Hearts v Hibs tactical breakdown - How Neilson combats Martin Boyle, Alex Gogic role, midfield battle, right-hand side popularity
The first Edinburgh derby of the season is much anticipated with Hibs top of the cinch Premiership and Hearts sitting second on goal difference.
It is the first meeting between the sides at Tynecastle Park since December 2019 and will be played in front of a sold-out crowd and the Sky Sports television cameras.
There is a feeling, with both sides at the top of the league, it could be the best derby since 2006 when Hearts won a topsy-turvy encounter 3-2.
With that in mind, let's temper that expectation of a Sunday afternoon goalfest in Gorgie.
Hearts and Hibs are second and first in the Premiership respectively when it comes to goals the teams were expected to concede (xGA) in the league with just 2.81 and 2.41.
What that tells us is that both sides are good at limiting opponents to more difficult chances.
Hearts, for example, are sixth for shots against per 90 minutes (Hibs are fourth) which suggests that while they may be giving up shots, they are doing so from areas which aren’t overly dangerous.
Now that's out the way and a slight dampener has been put on a high-scoring classic, we can look at the fascinating tactical battles to be aware of across the pitch.
There will be decisions to make on players carrying injuries or knocks in both camps with Martin Boyle for Hibs and Michael Smith for Hearts both being subbed in international games with injury complaints.
The likelihood is both teams will set up in their default. That means 3-4-3 v 4-2-3-1.
Boyle and how Hearts combat him
The winger is arguably the best and most dangerous player outside of Celtic and Rangers.
His absence would be a huge blow for Jack Ross so the Easter Road side will be doing all they can to make sure he is fit after missing Australia’s 1-0 win over Vietnam.
He will be coming up against a formidable left side.
Stephen Kingsley returned in a bounce game last week after missing the last two games and the reason he is most likely to start ahead of Taylor Moore is due to his experience as a full-back and being comfortable moving across to engage with opponents out wide. In front of him will be Alex Cochrane, as a duo they will look double up on negate space for Boyle.
It is somewhat surprising that Hibs focus only 43 per cent of their attacks down the right. Boyle is more adept at tweaking his positioning during games to make him less predictable and even more dangerous.
Ross, without Christian Doidge and Jamie Murphy, will likely go with James Scott on the left and Kevin Nisbet through the middle. That front three allows the team to be fluid and not stationary. It would make Hearts have to defend zonally rather than going man-to-man in the final third.
The middle third is of great interest on both sides, posing questions of both Neilson and Ross.
Peter Haring, Beni Baningime, Andy Halliday, Cammy Devlin, Aaron McEneff and Finlay Pollock are battling for two roles in the Hearts midfield.
Despite Devlin playing 70 minutes in a bounce game following his arrival from Newcastle Jets, it would be a surprise if it isn’t Haring and Baningime.
The first 30 minutes – at least – are a battle in the Edinburgh derby. Haring and Baningime are ideal for such a game, reacting quickly to situations, picking up loose balls, winning 50-50s. It could mean a role for Alex Gogic in the Hibs midfield. He may not have had the best of seasons so far, but the fixture is tailor made for someone with his qualities.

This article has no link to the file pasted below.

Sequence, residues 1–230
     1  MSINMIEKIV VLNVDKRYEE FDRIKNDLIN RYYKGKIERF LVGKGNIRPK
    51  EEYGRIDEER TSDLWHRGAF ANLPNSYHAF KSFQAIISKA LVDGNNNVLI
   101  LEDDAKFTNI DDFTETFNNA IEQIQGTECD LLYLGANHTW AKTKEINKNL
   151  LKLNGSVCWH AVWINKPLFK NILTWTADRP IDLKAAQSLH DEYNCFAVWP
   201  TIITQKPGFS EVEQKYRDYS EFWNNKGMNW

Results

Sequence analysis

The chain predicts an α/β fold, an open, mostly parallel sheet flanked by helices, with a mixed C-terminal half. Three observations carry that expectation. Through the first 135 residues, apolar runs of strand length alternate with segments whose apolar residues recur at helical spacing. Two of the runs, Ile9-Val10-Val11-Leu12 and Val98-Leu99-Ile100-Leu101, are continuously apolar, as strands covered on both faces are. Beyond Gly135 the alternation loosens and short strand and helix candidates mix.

It will then be interesting to see if Ross continues with a double pivot and a No.10 in Kyle Magennis, or if he flips the shape and plays a No.6 and two No.8s.
Joe Newell is expected to return. A fine footballer, his strengths are on the ball and in possession, not battling in a congested midfield. Dropping him deeper and almost between the centre-backs could afford him more space, allowing Hibs to build and play possession football.
Playing a No.10, they would struggle to get space behind Hearts’ two central pairing and in front of the back three, Coming on to the game from deep could be more beneficial for Magennis.
The right way for Hearts and central overloads
While Hibs focus 43 per cent of their attacks down the right, it is 42 per cent for Hearts.
That should be little surprise to anyone who has watched the team in action. Smith plays a smart role in moving infield when necessary, opening up space for John Souttar, who showed his danger with a wonderful cross to set up Haring against Dundee United, with either Ben Woodburn or Josh Ginnelly in the final third.
Ginnelly set up Armand Gnanduillet for the second goal off the bench in the win at Tannadice and he may have the same role on Sunday when space opens up and the game becomes stretched.
Woodburn will have a dual responsibility. A prevention role, stopping Josh Doig bombing forward. The left-back is one of the most proficient attackers on the left.
In an attacking sense, moving infield to help create central overloads and support Liam Boyce with Gary Mackay-Steven offering diagonal runs from the left, the former Aberdeen player having scored eight goals in 18 appearances against Hibs.
As an aside, both Smith and Doig are in the top ten for crossing success rate in the league.
If the game turns into a cagey, tense, close affair, the game could be won from the bench.
Due to injuries, Hearts go into the game with greater depth. Neilson could turn to Gnanduillet, Ginnelly, new signing Barrie McKay, Devlin and even the seldom seen Jamie Walker.
Contrast that with Hibs. Their attacking options could be Scott Allan, Drey Wright and possibly Jamie Gullan.
No matter what, the high noon showdown will be captivating.